Of course, the only way to ensure absolutely equal access would be to require that each and every toilet be accessible – but no one has argued that the DDA or other laws require that, in recognition of the additional space that an accessible toilet facility requires.

The position where parking spots are reserved for use by people with disabilities is different. A parked car typically remains in place much longer than a person using a toilet does, so that parking in “disabled” spaces by drivers without a disability can effectively deny people with a disability access at all, rather than only requiring a short delay.

So in a nutshell…. if the building has provided the required access for people with disabilities their job is done. No discrimination has occurred.

It then comes down to the person using the facility. Have they caused discrimination against a person with a disability? Have they used the toilet instead of using standard toilets that were available at the time? Have they used the toilet reasonably?

It’s tough to control the use of toilets. It relies heavily on people being considerate and having morals. Perhaps we need to have signs on all the accessible toilets where standard toilets are also provided that say “Do you really need to use this facility?” If you gotta go, you gotta go and all things considered, we’re damn lucky to live in a country where we have the right to fight for equal access. Let’s enjoy that. Even if we have to wait our turn.

 

Tow It! – The App

I’m excited to announce a new partnership with No Permit No Park!

For a while I’ve been searching for an app to assist us with the No Permit No Park Campaign. There are plenty of parking reporting apps but the issue I’ve faced is that they all have the goal of reporting an offence that very few of our enforcement authorities will recognise as evidence to act upon.

TowIt is different in that it maps the offence which allows me (and hopefully in the future other interested parties who want to make a change for the social good of inclusive communities) to look at areas that have high offences reported and mark them as “hotspots”. I can then use this information to provide to enforcement authorities to encourage them to find solutions to the problem that may be causing it, even if it is increasing patrols and issuing infringements.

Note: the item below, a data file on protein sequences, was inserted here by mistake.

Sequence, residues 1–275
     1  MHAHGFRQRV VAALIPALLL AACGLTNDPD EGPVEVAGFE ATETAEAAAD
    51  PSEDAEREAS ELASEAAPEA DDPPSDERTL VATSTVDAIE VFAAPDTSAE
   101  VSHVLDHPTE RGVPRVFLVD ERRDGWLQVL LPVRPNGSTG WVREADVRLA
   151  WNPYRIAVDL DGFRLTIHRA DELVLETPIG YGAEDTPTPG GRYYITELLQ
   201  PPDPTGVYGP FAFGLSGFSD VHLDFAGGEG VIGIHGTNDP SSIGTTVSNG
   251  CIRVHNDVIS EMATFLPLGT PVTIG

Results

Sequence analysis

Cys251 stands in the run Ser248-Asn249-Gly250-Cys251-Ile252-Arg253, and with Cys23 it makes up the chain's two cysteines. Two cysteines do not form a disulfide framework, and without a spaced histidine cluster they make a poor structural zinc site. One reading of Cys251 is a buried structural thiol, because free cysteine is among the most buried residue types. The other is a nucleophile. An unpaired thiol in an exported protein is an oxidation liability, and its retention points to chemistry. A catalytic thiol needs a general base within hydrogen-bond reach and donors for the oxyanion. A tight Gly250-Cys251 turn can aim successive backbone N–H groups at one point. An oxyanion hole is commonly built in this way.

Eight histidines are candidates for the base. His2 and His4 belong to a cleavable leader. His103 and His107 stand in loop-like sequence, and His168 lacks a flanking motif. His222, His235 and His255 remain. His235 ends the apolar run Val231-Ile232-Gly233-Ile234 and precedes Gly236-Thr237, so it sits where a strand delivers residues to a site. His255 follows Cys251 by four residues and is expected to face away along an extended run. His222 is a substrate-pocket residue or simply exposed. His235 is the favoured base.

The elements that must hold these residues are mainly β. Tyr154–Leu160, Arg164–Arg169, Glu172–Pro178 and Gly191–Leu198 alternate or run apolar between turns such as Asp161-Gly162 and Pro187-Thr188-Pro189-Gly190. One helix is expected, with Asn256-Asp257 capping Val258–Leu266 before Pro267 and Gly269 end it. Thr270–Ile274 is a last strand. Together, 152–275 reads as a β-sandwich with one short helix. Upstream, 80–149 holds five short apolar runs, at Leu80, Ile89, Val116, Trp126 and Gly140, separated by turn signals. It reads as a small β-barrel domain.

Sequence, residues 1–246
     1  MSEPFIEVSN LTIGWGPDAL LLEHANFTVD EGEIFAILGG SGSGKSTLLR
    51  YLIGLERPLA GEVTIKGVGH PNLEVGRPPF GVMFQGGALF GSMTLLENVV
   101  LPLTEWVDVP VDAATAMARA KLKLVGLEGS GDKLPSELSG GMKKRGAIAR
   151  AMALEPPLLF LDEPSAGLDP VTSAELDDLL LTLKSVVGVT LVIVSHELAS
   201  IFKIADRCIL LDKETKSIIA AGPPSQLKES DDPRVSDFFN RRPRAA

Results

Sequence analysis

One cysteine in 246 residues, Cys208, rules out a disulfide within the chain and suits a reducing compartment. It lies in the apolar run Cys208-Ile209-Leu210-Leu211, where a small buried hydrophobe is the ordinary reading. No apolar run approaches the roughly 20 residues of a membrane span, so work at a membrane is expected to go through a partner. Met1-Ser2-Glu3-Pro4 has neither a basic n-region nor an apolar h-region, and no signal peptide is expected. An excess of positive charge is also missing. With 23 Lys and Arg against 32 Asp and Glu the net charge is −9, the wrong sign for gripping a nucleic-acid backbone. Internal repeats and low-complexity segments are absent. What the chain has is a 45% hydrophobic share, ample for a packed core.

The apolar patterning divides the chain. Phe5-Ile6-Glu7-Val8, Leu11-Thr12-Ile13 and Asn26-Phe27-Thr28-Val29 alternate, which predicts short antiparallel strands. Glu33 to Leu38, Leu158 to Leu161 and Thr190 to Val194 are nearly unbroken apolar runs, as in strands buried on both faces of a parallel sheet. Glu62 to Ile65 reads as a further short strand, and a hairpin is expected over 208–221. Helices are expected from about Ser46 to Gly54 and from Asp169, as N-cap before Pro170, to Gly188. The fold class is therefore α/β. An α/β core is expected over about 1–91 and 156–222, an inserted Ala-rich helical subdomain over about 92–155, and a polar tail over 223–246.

After many weeks of emailing back and forth and making plans, falling to sleep watching terrible TV shows and having my manic unpredictable life get in the way, I finally had the opportunity last night to stay up late and have a Google Hangout with the founders of the app to discuss what vision I have for it here in Australia.

Based in Toronto Canada, Gregory and Michael came up with the idea for TowIt through the same frustrations as most of us at No Permit No Park. Selfish people blocking roads and access for others. They’re currently working on an update of the app soon to be released and I was very excited to hear that some of the suggestions I had will be included to make it work better here for us. I’m looking forward to working further with these guys, their vision fits in with our goal of accessible and inclusive communities and they have the drive to find solutions to any issues.

So help me out to start producing data I can use by downloading the app and start using it to report disability parking offences. It currently only allows one photo to be taken so try to make it a shot of the car with the rego clear and the disability sign or road marking where ever possible. Future updates will allow you to tag #NoPermitNoPark in the report so that we can log the number of incidences and search them, and they’re hoping to include the option of multiple photos, not that it is the most significant detail right now as my priority is building hotspot maps rather than individual reporting.

This app could go much further here in Australia in being a solution for owners of non government parking facilities to request towing services to remove vehicles they’re legally allowed to remove. The TowIt team are also planning to include an option where users can sign up and be notified if their vehicle has been reported.

“Whether the vehicle is towed, or the owner moves it, the result is that the obstruction is cleared allowing roads to be used freely even if an infringement isn’t issued, which is a better outcome for everyone.” – Michael McArthur Co-founder of Towit

So please go to their website or search the app in your phone’s app store and lets make Australia their biggest user base!
https://towit.io/

https://itunes.apple.com/us/app/towit/id959413790?ls=1&mt=8

https://play.google.com/store/apps/details?id=io.towit

And don’t forget to like them on Facebook! Share the love!
https://www.facebook.com/towitapp?fref=ts